India_Coal_Fires_Photo_Gallery_82993 In this Oct. 23, 2019, photo, a motorist rides past a warning painted on a wall informing people about the burning coal mine zone and land subsidence near the village of Rajapur in Jharia, a remote corner of eastern Jharkhand state, India. The fires started in coal pits in eastern India in 1916. More than a century later, they are still spewing flames and clouds of poisonous fumes into the air, forcing residents to brave sizzling temperatures, deadly sinkholes and toxic gases. (AP Photo/Aijaz Rahi)
India_Coal_Fires_Photo_Gallery_47854 In this Oct. 23, 2019, photo, laborers eat lunch at a coal loading site in the village of Godhar in Jharia, a remote corner of eastern Jharkhand state, India. The fires started in coal pits in eastern India in 1916. More than a century later, they are still spewing flames and clouds of poisonous fumes into the air, forcing residents to brave sizzling temperatures, deadly sinkholes and toxic gases. (AP Photo/Aijaz Rahi)
India_Coal_Fires_Photo_Gallery_61299 In this Oct. 23, 2019, photo, a villager paints his house in preparation of Diwali, a Hindu festival, in the village of Bastakola involved in coal mining in Jharia, a remote corner of eastern Jharkhand state, India. Coal is an important contributor to India’s growth, supporting its iron and steel industry and generating more than half the country’s power. In Jharia, the heart of India’s coal industry, the livelihoods of half a million people depend on it. (AP Photo/Aijaz Rahi)
APTOPIX_India_Coal_Fires_Photo_Gallery_14194 In this Oct. 23, 2019, photo, a laborer smiles as she interacts with fellow laborers during a break from loading coal into trucks for transportation in the village of Godhar in Jharia, a remote corner of eastern Jharkhand state, India. The fires started in coal pits in eastern India in 1916. More than a century later, they are still spewing flames and clouds of poisonous fumes into the air, forcing residents to brave sizzling temperatures, deadly sinkholes and toxic gases. (AP Photo/Aijaz Rahi)
India_Coal_Fires_Photo_Gallery_16121 In this Oct. 23, 2019, photo, laborers lift a large piece of coal before loading it onto a truck for transportation in the village of Godhar in Jharia, a remote corner of eastern Jharkhand state, India. The fires started in coal pits in eastern India in 1916. More than a century later, they are still spewing flames and clouds of poisonous fumes into the air, forcing residents to brave sizzling temperatures, deadly sinkholes and toxic gases. (AP Photo/Aijaz Rahi)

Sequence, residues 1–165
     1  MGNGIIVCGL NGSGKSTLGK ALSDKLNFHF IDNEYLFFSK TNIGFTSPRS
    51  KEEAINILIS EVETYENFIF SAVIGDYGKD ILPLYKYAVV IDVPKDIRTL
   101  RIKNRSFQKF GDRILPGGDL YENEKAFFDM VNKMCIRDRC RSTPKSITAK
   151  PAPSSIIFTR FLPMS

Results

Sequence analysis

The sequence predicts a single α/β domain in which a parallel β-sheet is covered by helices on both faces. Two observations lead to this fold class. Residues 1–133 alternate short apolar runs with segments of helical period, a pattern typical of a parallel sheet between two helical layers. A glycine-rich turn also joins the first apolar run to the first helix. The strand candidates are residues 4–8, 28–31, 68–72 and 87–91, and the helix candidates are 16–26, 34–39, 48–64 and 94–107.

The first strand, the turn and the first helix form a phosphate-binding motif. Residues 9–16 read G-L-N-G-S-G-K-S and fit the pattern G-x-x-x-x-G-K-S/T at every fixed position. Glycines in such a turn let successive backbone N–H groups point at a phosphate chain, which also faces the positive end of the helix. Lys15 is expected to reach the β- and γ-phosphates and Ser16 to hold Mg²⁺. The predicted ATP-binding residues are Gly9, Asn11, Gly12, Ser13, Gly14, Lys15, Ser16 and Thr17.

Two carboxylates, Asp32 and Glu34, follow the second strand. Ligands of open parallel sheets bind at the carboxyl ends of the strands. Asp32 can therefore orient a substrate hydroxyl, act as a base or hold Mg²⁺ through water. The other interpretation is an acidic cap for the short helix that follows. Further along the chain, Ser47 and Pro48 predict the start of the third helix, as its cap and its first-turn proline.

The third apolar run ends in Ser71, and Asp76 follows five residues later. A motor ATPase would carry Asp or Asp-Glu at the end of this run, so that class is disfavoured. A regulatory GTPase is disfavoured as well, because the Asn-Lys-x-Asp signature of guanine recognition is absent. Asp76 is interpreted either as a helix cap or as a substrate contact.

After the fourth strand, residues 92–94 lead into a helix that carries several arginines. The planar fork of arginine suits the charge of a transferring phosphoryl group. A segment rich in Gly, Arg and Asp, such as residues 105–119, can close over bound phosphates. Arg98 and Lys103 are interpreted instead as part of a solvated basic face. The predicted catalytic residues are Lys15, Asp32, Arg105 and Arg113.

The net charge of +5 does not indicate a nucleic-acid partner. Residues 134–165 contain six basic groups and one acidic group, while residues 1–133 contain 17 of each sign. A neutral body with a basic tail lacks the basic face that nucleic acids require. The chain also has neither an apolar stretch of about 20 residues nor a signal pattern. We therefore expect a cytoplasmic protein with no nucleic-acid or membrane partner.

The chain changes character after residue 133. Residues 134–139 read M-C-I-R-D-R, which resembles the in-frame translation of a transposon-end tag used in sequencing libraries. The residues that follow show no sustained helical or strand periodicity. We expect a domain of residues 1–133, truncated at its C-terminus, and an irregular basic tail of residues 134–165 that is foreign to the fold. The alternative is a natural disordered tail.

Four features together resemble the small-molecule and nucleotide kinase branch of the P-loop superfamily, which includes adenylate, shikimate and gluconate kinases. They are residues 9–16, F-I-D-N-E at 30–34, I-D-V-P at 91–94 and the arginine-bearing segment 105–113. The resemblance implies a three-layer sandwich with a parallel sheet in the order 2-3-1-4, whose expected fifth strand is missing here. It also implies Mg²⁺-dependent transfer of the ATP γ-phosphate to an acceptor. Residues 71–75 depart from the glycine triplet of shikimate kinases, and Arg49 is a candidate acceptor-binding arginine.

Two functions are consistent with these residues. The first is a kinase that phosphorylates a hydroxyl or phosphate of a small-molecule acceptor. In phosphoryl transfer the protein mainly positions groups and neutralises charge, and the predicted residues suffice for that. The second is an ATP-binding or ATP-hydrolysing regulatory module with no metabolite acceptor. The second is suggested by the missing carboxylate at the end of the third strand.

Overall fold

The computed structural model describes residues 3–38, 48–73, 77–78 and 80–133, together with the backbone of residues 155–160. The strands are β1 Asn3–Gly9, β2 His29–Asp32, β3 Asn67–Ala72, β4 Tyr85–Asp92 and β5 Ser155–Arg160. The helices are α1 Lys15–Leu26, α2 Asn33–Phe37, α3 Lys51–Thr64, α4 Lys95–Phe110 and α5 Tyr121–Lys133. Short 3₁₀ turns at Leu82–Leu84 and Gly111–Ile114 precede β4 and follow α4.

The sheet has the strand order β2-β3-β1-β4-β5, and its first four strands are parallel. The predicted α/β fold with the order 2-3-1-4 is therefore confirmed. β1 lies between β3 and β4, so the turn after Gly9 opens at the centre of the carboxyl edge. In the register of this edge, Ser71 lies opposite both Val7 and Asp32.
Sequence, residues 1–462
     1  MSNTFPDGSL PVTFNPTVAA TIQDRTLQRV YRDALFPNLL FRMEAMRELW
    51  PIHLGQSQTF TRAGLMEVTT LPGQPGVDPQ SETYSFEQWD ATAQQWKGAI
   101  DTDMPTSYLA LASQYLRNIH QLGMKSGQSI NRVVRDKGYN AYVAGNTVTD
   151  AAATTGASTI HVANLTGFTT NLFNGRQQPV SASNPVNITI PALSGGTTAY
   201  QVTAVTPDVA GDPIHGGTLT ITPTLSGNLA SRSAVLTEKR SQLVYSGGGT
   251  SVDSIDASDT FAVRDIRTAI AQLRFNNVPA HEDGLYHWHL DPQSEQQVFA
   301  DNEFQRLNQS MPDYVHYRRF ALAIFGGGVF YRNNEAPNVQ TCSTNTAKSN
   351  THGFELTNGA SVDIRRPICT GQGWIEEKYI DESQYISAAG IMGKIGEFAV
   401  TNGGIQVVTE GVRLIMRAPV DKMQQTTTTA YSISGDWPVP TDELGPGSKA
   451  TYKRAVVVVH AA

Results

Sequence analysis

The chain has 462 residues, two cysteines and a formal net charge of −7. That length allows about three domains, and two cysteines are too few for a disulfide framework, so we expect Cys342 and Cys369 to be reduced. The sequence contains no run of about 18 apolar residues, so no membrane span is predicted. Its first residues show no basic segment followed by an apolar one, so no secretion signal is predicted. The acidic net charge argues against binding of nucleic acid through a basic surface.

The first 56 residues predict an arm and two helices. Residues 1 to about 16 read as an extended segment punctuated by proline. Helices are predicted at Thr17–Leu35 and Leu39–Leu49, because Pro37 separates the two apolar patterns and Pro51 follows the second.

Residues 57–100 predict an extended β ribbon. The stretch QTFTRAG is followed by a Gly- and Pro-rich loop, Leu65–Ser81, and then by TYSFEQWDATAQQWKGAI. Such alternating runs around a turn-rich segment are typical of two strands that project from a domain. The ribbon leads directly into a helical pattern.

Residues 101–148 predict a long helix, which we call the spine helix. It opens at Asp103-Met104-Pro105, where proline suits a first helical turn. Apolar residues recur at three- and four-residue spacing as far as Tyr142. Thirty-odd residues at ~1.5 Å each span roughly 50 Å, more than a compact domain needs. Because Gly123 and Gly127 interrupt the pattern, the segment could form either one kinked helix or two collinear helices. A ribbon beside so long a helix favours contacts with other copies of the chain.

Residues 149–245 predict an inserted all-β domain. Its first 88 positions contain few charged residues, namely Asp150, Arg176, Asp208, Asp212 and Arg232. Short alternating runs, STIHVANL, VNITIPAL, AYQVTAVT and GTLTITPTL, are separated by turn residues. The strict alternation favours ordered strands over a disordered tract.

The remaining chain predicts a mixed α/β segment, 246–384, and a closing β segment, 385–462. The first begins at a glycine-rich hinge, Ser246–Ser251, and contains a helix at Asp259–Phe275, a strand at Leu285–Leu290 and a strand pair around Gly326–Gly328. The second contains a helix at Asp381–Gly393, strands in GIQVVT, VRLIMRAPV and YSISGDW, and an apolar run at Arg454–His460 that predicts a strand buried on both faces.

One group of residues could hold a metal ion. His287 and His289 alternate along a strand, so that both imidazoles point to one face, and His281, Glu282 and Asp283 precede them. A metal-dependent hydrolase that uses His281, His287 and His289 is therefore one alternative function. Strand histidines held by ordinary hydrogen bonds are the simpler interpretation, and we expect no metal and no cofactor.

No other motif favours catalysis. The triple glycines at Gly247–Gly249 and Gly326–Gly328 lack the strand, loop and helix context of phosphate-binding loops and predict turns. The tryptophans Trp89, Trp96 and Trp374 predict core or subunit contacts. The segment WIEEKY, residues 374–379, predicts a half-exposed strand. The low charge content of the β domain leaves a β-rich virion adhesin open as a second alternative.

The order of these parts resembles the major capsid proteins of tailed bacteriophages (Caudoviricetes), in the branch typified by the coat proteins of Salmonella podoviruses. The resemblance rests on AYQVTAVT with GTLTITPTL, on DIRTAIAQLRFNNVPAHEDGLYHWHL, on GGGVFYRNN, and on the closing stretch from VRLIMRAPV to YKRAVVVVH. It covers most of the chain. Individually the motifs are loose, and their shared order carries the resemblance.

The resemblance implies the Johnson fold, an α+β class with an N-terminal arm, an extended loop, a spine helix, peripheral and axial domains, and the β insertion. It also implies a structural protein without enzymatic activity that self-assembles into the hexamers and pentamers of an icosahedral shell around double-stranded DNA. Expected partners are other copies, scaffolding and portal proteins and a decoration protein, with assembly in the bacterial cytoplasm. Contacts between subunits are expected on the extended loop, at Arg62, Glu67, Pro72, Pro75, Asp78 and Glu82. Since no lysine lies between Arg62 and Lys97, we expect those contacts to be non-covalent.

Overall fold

India_Coal_Fires_Photo_Gallery_73085 In this Oct. 23, 2019, photo, village houses are seen above the glowing embers of an underground coal fire in the village of Bastakola in Jharia, a remote corner of eastern Jharkhand state, India. The fires started in coal pits in eastern India in 1916. More than a century later, they are still spewing flames and clouds of poisonous fumes into the air, forcing residents to brave sizzling temperatures, deadly sinkholes and toxic gases. (AP Photo/Aijaz Rahi)
India_Coal_Fires_Photo_Gallery_49888 In this Oct. 23, 2019, photo, girls carry vessels filled with drinking water in the village of Rajapur in Jharia, a remote corner of eastern Jharkhand state, India. The fires started in coal pits in eastern India in 1916. More than a century later, they are still spewing flames and clouds of poisonous fumes into the air, forcing residents to brave sizzling temperatures, deadly sinkholes and toxic gases. (AP Photo/Aijaz Rahi)
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JHARIA, India (AP) — The fires started in 1916. More than a century later, coal pits in Jharia, in a remote corner of India’s eastern Jharkhand state, continue to spew flames and clouds of poisonous fumes into the air.

Coal is an important contributor to India’s growth, supporting its iron and steel industries and generating more than half the country’s power. In Jharia, the heart of India’s coal industry, the livelihoods of half a million people depend on it.

This, however, comes at a cost.

For the past century, inhabitants have braved sizzling temperatures, deadly sinkholes and toxic gases. The coal fires pose an even greater threat to the lives of those who work in the mines, which cover more than 260 square kilometers (100 square miles).

Decades of underground coal mining have hollowed Jharia’s land. The collapse of houses and other structures on the surface due to subsidence is increasingly common. Respiratory diseases like tuberculosis, bronchitis and asthma are common. Children have been born deformed, and some people have fallen into the raging fire pits and died.

In 2008, Bharat Coking Coal Ltd., a subsidiary of state-owned Coal India, began a program to relocate almost 53,400 families living in fire-affected areas by 2021. But by 2016, only 4,000 families were relocated.

Over the years, the number of people needing to be resettled has risen to at least 130,000 families.

As the government deadline of 2021 approaches, the lives of people in the fire-affected areas are getting harder.

With few jobs available, many young people work as coal loaders for less than $4 a day or risk their lives scavenging coal.

Copyright © 2019 The Associated Press. All rights reserved. This material may not be published, broadcast, written or redistributed.